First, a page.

Paper No. 8
Presentation Time: 10:20 AM


AUSTIN, Jason C., Geology, University of Georgia, 45 Lamar Lane, Hoschton, GA 30548 and SCHROEDER, Paul A., Department of Geology, University of Georgia, 210 Field St., Athens, GA 30602-2501,

Depth trends in the stable carbon and oxygen isotope ratios of carbonate occluded in gibbsite from the Georgia Piedmont indicate that the simple one-dimensional Fickian diffusion model used in calculating PCO2 may not be appropriate for this mineral. Paleo-PCO2 proxies used to determine Earth’s atmospheric history are key to constraining Phanerozoic geochemical models such as GEOCARBSULF (Berner, 2006). δ13C trends preserved in paleosol carbonates and oxy-hydroxides have been the most exploited proxies for estimates of past atmospheric CO2 concentrations, which often return values that trend positively with model results. In an effort to further test the assumptions that are implicit in the determination of paleo-PCO2 from oxy-hydroxides we have explored the systematics of a modern/relict soil environment where mineralization and capture of the δ13C trend is being recorded in pedogenic gibbsite. The trend shows that the δ13C value of CO2 deep in the profile (>100 cm) is consistant with that expected for the C3 vegetation that is known to have persevered at the site for centuries (i.e., -24 ‰). Near the surface (<40cm), where active biological and hydrological processes serve to mix the soil, there is no discernible trend with depth. The δ13C values maximize to -14 ‰ at 40cm but do not follow the expected Fickian mixing line between the surface and 50cm. These results are contrary to previously published data and necessitate that care must be used when attempting to use pedogenic gibbsite as a proxy for paleo-PCO2. We recommend that the use of this proxy be limited to samples that can be identified to be deep in the soil profile to avoid the complications that are introduced in the near surface.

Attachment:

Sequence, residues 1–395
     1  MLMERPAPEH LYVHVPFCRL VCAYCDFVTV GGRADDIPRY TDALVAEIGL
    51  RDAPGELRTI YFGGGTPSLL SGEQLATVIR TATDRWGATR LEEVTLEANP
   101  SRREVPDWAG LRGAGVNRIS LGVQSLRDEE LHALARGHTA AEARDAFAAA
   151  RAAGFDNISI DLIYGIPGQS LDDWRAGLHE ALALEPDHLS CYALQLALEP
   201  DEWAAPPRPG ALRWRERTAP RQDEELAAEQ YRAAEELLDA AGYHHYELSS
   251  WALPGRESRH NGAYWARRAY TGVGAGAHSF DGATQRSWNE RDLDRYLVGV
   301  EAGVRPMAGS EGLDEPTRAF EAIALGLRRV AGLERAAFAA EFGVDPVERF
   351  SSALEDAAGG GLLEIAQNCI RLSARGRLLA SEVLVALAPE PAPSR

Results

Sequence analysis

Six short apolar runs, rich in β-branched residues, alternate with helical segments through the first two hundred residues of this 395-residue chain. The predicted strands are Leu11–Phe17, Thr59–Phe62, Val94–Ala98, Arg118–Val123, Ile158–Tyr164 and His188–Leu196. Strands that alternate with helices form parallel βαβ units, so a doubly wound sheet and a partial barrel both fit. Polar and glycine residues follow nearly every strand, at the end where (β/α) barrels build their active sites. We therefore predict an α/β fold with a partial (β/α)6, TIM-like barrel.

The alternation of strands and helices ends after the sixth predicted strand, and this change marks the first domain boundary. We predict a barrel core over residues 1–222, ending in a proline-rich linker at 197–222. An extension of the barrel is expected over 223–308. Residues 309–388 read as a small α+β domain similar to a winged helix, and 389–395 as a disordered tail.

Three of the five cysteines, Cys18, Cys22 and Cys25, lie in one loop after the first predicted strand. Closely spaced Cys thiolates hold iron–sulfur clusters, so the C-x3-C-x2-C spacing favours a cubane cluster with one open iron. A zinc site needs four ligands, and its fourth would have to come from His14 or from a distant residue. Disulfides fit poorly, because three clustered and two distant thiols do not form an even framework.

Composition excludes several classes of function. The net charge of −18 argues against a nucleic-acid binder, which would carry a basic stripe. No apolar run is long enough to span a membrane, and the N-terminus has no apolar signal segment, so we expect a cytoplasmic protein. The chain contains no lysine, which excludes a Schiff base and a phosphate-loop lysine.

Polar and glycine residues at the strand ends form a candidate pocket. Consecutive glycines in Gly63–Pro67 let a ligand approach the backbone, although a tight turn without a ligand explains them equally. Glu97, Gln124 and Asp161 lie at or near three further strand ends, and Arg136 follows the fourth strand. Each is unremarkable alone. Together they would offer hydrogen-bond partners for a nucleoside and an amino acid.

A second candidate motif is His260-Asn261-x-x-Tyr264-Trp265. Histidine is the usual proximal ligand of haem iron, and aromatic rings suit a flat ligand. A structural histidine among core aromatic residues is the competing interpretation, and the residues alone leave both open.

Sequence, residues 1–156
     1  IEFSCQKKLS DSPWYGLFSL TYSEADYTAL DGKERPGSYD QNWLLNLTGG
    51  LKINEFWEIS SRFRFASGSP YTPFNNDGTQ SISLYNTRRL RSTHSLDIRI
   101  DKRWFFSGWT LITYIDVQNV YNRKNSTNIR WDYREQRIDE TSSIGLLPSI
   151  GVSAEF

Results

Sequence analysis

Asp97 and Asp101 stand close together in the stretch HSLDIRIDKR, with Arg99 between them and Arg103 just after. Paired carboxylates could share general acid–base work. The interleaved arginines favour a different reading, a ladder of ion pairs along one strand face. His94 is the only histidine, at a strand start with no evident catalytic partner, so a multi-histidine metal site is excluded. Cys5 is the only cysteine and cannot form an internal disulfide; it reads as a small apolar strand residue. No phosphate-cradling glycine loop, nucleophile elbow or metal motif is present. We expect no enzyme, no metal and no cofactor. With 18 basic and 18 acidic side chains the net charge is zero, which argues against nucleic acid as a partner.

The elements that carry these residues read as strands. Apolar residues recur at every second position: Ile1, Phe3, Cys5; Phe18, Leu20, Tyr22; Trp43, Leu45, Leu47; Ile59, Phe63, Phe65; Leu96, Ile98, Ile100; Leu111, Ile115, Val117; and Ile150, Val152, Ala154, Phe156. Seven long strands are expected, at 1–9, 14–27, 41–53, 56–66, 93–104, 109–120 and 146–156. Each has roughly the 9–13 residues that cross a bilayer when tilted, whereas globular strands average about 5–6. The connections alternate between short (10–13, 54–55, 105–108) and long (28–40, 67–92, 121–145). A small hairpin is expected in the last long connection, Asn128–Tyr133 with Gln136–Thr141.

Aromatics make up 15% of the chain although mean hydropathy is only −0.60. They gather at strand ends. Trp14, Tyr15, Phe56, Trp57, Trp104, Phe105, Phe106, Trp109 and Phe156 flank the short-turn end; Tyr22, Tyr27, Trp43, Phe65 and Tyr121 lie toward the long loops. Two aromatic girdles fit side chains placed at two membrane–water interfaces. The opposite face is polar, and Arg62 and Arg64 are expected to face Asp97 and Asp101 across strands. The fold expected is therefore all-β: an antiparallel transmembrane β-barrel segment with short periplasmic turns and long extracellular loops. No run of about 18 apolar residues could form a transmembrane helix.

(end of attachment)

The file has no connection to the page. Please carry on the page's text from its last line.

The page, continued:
Berner, R.A., 2006. GEOCARBSULF: A combined model for Phanerozoic atmospheric O2 and CO2 over Phanerozoic time. Geochemica et Cosmochimica Acta, 70, 5653-5664.